Back in the day, automobiles were shipped on roofless cars like this one This didn t last very long due to theft and vandalism. It used to be that auto-racks were nice rides if you could get them. For a long time the keys were shipped right along with the cars, hidden in the tailpipe or taped to the bumper. You could climb in a shinny new car an listen to the radio.
These days auto-racks look like this and are unrideable fortresses. Sometimes when empty, they are left open, but even when they are unlocked, the huge end doors are very difficult to move on your own. Apparently they still run the roofless auto-racks in canada (the top photo was taken in 2000), but its rare to see them in the states. If you can figure a reliable way to get into auto-racks, good for you, but to me they re still unrideable cars.
Here s one for those of us that get a kick out of being places we re not supposed to go. If you ve been riding trains for a while, you might have noticed that most freights have more than one locomotive. Sometimes four, six or even eight! Since the train crew only occupies the front cabin, that leaves plenty of room for us to ride on an otherwise unrideable train. Rear units always left are unlocked. Just climb up and get in as quick as you can. This stunt is better pulled at night or when your train crew isn t looking. Getting caught in there with all that expensive equipment is a different ballpark than getting caught in an empty boxcar. Be discrete. If you re getting on while the train is stopped, hide in the bathroom until the train gets moving and out of the yard. And for pete s sake, don t touch any of the equipment!!
Unit rides are a little risky, but they re fun and can get you in out of the cold or the rain. Locomotives also usually have bottled water in the cooler, and a nice chemical toilet to use.
Intermodals or Hotshots, or Expedited freight are your high priority trains. Intermodal shipping is terminology used to describe freight systems that use more than one method of transport Eg. containers, which are stacked onto large oceangoing vessels, removed at ports and stacked onto freight trains and then loaded onto truck trailer beds to reach their final destination.
Intermodal or IM freight is made up of one of or a mix of three basic kinds of cars COFC s TOFC s and Double Stacks.
Not much to them. COFC s don t provide much of a place to ride.
Piggybacks or TOFC s (Trailer on Flat Car) are one very common intermodal car. Semitrailers are lifted onto flat cars or more function specific spine cars and fastened down at one end. Because they are so easy to load and unload, pigs make up the highest priority trains on the railroad. In most cases piggybacks are rideable, but there are certain things to look out for.
Always look for flatcars instead of spine cars, as there is more room to ride. Also, try to get cars that are coupled together rather than articulated cars . This term is used to describe railcars that share a common axle set. You can tell that your car is articulated if there is no coupler and there are only 2 axles between the cars instead of 4. The reason you want to avoid these (although if you can catch them ... by all means do), is that they tend to have fewer ladders to assist you.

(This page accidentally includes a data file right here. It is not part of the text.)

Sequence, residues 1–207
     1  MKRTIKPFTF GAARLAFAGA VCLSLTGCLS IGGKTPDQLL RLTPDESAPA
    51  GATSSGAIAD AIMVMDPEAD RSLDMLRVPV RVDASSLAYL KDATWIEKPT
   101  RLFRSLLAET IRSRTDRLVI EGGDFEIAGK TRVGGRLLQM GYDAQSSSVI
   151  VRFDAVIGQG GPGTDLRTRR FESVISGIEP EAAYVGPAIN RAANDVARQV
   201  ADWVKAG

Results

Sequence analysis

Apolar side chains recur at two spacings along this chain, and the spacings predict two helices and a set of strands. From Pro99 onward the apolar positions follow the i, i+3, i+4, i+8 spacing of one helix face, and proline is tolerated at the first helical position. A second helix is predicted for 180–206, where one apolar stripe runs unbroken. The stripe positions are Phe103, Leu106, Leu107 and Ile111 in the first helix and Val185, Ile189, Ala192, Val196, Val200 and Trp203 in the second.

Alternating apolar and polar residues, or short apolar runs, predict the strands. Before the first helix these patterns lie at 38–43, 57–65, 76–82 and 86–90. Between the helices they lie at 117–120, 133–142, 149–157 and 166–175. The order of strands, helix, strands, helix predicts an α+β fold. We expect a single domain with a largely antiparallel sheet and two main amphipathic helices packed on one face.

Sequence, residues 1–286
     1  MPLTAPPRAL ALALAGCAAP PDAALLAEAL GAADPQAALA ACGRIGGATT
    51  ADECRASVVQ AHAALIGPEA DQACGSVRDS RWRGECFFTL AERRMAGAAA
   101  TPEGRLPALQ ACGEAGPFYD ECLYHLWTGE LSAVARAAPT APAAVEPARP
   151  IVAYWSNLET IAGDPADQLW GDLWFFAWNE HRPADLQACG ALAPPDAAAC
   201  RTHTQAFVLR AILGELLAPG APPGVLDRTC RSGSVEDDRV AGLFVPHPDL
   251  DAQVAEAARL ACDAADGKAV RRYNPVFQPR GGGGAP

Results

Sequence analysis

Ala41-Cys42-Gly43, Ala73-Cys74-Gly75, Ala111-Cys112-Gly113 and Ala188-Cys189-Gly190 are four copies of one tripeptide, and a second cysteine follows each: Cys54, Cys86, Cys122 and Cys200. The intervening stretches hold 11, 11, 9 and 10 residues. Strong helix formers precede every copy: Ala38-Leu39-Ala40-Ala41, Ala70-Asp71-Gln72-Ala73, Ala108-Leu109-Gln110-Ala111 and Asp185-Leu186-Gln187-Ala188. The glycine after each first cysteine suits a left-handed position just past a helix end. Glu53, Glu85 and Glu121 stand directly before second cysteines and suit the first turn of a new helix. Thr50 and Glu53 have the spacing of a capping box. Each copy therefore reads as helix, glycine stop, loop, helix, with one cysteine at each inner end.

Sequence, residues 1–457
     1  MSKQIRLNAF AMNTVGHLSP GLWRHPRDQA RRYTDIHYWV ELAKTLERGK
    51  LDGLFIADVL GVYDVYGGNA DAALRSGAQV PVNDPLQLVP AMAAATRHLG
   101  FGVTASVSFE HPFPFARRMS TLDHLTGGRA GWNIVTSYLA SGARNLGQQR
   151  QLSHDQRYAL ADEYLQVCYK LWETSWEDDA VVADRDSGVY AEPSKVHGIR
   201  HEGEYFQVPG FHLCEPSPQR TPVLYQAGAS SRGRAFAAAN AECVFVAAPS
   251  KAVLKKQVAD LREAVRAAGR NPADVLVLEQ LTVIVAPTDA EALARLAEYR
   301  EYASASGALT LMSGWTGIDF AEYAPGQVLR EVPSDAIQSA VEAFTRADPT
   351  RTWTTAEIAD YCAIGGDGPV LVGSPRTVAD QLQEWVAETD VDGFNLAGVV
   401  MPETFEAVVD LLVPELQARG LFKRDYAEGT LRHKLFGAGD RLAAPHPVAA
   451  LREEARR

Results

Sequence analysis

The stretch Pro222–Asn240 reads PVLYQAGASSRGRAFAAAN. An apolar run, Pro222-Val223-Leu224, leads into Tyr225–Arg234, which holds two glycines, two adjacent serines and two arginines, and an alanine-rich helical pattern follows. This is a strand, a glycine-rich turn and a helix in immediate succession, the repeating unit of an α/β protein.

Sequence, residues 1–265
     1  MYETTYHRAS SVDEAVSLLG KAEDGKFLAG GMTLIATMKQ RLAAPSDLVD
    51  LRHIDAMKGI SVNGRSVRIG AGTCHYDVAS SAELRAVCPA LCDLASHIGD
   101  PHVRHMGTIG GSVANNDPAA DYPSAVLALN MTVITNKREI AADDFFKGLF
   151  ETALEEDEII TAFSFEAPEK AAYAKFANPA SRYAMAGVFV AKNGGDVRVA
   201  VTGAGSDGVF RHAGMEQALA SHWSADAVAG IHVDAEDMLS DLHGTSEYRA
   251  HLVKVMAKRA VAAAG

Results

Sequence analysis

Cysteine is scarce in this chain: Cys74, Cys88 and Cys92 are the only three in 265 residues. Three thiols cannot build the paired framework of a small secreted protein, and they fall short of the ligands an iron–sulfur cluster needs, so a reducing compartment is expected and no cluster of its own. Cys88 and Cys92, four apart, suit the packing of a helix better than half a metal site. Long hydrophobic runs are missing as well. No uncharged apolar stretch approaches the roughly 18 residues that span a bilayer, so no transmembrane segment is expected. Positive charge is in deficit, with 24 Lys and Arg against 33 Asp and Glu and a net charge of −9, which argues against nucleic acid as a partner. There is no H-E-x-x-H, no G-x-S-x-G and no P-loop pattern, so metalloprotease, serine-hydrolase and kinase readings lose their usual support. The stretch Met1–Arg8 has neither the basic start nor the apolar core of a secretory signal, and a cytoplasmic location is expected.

If you re going to ride Piggybacks, bring warm clothing. You ll be right out in the wind for the whole ride and there s not a whole lot of cover from rail-cops either. Stay crouched under those trailer axles when you re rolling thru the yard.
Double stacks are many modern hobo s preferred method of travel. These cars make up a good portion of Hotshots and certain designs provide shelter from detection and from the wind.
A double stack is a specialized well car which is designed to carry two intermodal shipping containers, stacked one on top of another.
However, this car is not rideable. You can tell by looking at the bottom corners of the car. See how they re curved rather than square? Rideable cars have square corners.
The other thing to look out for on stacks, is the container size. In this picture there is space between the end of the container and the bulkhead of the car. This happens when 40ft. containers are shipped in 48ft. cars or when 48 containers are in 53 cars. Sometimes, there is no room.
Like this see. no room
When you get into a rideable well, there will be a solid bottom between the bulkhead and the container. Don t try to ride bottomless well cars. Its dumb.
Roadrailers are the name for these goofy, totally unrideable intermodal trains. They are specially designed semi trailers that hitch straight onto the axles.
With no car body, there is absolutely nowhere to ride on these things.
Norfolk Southern runs this one, the Triple Crown and I think CSX runs one with Swift trailers.
Cabooses are a thing of the past. They used to carry crew members who have been replaced by machines... sad. They still run them on military trains and some short lines. Other than that, your only chance at riding one is if its being transported for sale or something like that.
I know I m old enough to quit this running round, I ve tried a hundred times to stop and settle down. But every time I find a place I d like to stay, I hear a freight train holler, and I m on my way.